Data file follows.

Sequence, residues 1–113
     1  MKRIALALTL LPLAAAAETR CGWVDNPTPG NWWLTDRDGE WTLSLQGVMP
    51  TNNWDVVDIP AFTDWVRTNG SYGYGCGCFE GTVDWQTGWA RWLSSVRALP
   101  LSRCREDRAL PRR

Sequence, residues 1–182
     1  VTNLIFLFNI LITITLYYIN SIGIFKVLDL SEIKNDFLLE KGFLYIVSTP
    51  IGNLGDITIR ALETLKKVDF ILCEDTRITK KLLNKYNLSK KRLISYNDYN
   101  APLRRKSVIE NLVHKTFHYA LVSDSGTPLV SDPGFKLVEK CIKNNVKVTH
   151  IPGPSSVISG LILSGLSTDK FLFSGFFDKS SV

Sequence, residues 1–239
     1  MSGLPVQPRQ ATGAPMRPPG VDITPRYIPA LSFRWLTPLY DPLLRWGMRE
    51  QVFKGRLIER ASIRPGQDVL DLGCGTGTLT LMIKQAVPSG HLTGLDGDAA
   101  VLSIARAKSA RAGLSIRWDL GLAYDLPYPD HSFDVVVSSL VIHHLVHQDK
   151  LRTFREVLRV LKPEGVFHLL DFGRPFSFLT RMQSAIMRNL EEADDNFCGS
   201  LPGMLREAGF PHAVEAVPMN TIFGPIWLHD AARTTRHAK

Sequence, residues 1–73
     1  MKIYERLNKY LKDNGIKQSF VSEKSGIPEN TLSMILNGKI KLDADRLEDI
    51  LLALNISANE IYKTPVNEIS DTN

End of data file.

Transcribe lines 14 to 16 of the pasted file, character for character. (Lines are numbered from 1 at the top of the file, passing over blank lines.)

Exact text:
   151  LRTFREVLRV LKPEGVFHLL DFGRPFSFLT RMQSAIMRNL EEADDNFCGS
   201  LPGMLREAGF PHAVEAVPMN TIFGPIWLHD AARTTRHAK

Sequence, residues 1–73